Mr. Connor: I thank all who contributed to the debate. The first comment I would like to make is in response to what Senator Norris said about the wording of the Bill. He said he finds it contentious and feels he cannot vote with us unless we change it. Maybe the wording is contentious in certain political opinion. If it is contentious, but nevertheless true,  it must stay on the record and the motion as proposed by us will have to stay.
In regard to the Minister's comments, there is little I want to say because I made all the points last week. The Minister came back this evening, and often in a defensive way acting like an angry young man, he tried to attack many of the points I made. The points I made are factual. The genesis of the problem is firm. It started in the mid-seventies because of the madness of the policies that were pursued. Senator Norris referred to an observer at the time commenting that we were building up for ourselves a store of trouble if we did not pursue the right economic policy which would absorb the thousands of children in the sixties who would be young adults looking for work in the eighties. That is the genesis of the problem. That is when it all started. It showed up in the eighties because of what was done in the mid-seventies. On the hands of the Minister and the Government he represents, lies the greatest blame for that tragedy.
Mr. Mooney: On a point of order, the wording of the motion has nothing to do with the economic policies of the Government. It relates specifically to the effectiveness or otherwise of their policy in relation to the illegals in America.
Mr. Connor: In summing up, I would like to deal with something I did not cover last week, that is, the plight of Irish emigrants to the United Kingdom. There are no official figures for people going to the United Kingdom or, indeed, for people going to the United States. However, the 1986 census shows that between——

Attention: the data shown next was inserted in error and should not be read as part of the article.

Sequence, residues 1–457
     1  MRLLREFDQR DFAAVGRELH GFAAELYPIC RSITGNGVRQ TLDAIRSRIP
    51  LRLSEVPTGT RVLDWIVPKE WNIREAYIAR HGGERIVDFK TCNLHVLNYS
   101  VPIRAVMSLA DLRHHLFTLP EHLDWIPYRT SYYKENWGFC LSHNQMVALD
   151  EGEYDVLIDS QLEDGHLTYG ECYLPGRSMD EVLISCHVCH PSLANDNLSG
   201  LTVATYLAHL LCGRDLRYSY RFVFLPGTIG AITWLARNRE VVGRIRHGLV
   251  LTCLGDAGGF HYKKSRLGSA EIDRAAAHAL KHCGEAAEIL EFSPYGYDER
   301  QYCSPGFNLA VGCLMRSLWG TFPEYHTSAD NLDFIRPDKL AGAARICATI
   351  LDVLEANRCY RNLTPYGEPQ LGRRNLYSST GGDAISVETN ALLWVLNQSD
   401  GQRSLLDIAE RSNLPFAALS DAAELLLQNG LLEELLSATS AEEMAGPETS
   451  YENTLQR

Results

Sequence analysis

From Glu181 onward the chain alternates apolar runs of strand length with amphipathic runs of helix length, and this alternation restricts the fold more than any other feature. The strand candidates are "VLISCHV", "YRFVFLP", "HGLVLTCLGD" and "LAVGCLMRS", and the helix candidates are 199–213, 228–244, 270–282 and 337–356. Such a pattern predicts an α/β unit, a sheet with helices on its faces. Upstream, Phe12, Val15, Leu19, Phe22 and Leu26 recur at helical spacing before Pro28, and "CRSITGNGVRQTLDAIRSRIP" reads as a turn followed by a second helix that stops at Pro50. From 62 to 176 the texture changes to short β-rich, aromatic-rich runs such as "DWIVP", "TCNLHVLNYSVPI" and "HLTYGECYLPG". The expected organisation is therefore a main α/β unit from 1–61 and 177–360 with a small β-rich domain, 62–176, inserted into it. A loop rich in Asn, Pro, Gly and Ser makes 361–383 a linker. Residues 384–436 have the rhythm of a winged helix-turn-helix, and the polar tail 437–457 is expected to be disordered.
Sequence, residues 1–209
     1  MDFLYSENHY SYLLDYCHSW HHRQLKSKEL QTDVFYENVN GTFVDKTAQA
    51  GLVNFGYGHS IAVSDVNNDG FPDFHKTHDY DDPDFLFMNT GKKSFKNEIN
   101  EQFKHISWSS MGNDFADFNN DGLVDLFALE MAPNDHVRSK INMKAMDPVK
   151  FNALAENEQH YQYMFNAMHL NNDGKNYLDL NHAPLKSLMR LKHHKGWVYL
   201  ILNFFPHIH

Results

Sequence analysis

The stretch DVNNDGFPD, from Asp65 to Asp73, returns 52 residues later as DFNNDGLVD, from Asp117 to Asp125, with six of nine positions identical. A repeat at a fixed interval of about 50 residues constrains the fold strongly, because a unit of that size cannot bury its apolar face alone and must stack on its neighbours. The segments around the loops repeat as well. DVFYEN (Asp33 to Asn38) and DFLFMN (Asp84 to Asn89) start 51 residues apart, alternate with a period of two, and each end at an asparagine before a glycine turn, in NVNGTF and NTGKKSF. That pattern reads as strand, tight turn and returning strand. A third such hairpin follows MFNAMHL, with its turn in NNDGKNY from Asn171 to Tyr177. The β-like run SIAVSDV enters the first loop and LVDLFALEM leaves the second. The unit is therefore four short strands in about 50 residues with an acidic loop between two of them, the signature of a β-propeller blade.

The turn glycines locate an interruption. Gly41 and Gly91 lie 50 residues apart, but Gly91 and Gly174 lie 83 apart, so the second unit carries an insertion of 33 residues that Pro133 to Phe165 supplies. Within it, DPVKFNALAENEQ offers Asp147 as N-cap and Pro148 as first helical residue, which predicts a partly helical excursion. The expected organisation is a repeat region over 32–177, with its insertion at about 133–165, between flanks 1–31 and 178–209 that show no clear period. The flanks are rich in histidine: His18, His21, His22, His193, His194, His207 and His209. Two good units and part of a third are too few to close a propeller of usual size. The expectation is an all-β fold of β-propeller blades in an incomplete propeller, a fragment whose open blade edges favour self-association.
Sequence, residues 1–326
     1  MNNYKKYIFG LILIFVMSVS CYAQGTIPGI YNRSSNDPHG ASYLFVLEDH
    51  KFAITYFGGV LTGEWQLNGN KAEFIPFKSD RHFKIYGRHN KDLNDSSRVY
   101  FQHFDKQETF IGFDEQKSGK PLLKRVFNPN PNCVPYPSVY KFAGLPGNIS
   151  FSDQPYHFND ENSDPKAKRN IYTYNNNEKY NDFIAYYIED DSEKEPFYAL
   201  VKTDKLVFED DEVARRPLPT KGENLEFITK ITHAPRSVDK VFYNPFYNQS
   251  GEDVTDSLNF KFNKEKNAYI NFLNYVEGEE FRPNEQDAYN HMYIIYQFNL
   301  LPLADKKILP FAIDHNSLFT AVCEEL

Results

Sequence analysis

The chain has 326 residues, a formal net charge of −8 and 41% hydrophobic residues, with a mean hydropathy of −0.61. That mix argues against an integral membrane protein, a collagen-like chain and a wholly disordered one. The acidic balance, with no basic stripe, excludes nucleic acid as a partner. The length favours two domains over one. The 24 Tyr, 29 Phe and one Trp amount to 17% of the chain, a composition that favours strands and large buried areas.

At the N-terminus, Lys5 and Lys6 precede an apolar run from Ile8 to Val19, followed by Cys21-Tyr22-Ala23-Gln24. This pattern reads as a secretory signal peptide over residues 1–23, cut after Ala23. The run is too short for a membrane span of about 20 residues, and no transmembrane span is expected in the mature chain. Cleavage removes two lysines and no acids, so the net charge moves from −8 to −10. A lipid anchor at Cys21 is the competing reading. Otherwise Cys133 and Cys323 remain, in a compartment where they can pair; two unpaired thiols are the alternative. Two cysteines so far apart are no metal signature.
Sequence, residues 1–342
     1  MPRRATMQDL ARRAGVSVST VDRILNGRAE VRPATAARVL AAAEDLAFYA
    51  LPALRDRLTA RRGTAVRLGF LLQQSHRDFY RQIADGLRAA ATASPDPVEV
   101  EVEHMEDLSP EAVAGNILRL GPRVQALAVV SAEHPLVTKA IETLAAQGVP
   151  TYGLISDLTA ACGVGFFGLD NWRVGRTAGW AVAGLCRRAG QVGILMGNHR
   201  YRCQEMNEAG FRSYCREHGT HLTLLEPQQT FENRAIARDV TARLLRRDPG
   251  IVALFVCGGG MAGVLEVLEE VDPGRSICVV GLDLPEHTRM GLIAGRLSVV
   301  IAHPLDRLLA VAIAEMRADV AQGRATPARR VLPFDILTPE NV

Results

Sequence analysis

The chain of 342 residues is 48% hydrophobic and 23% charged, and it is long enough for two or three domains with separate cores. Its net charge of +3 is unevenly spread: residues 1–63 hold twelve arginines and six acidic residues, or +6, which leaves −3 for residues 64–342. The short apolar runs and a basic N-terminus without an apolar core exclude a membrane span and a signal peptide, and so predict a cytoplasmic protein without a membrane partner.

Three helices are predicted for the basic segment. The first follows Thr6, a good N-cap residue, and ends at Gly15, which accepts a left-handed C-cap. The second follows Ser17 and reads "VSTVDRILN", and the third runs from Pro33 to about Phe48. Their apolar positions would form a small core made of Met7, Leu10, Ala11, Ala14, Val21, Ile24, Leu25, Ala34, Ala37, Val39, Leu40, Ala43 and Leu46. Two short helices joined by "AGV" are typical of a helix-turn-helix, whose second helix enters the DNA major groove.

Mr. Mooney: On a point of information, what has emigration to the United Kingdom to do with the wording of the motion? I do not wish to stop Senator Connor in midstream, but have his comments any relevance to the motion before the House?
Mr. Connor: I hope the Cathaoirleach gives me injury time for these interruptions. The 1986 census showed that between April 1985 and April 1986 31,000 left this country. However, if you look at the statistics of the welfare agencies in London alone for 1986, a far greater number are leaving than is suggested. In 1986, the Irish Centre in Camden dealt with 6,000 Irish emigrants, mostly newcomers, who had various problems, some of them very acute, in relation to unemployment, homelessness and illness. The Irish Centre in Hammersmith dealt with 7,000 such persons in 1986 with similar problems. Harringay Irish Community Centre dealt with 7,500 Irish emigrants, again most newcomers in difficulty. The Centrepoint night shelter had 2,000 youngsters of different nationalities under 19 years of age seeking shelter for varying lengths of time during 1986, and 25 per cent were Irish. The Irish were numerically the largest ethnic group seeking this very basic assistance in London.
On Monday last, I and three of my colleagues — Senator Bradford, Deputy Peter Barry and Deputy Jim Higgins — met various groups working for the welfare of Irish emigrants in London. All of them unequivocally told us of the need for greater funding for the advice and welfare services for emigrants in Britain and for a proper pre-emigration advice and preparation service for them at home before they leave.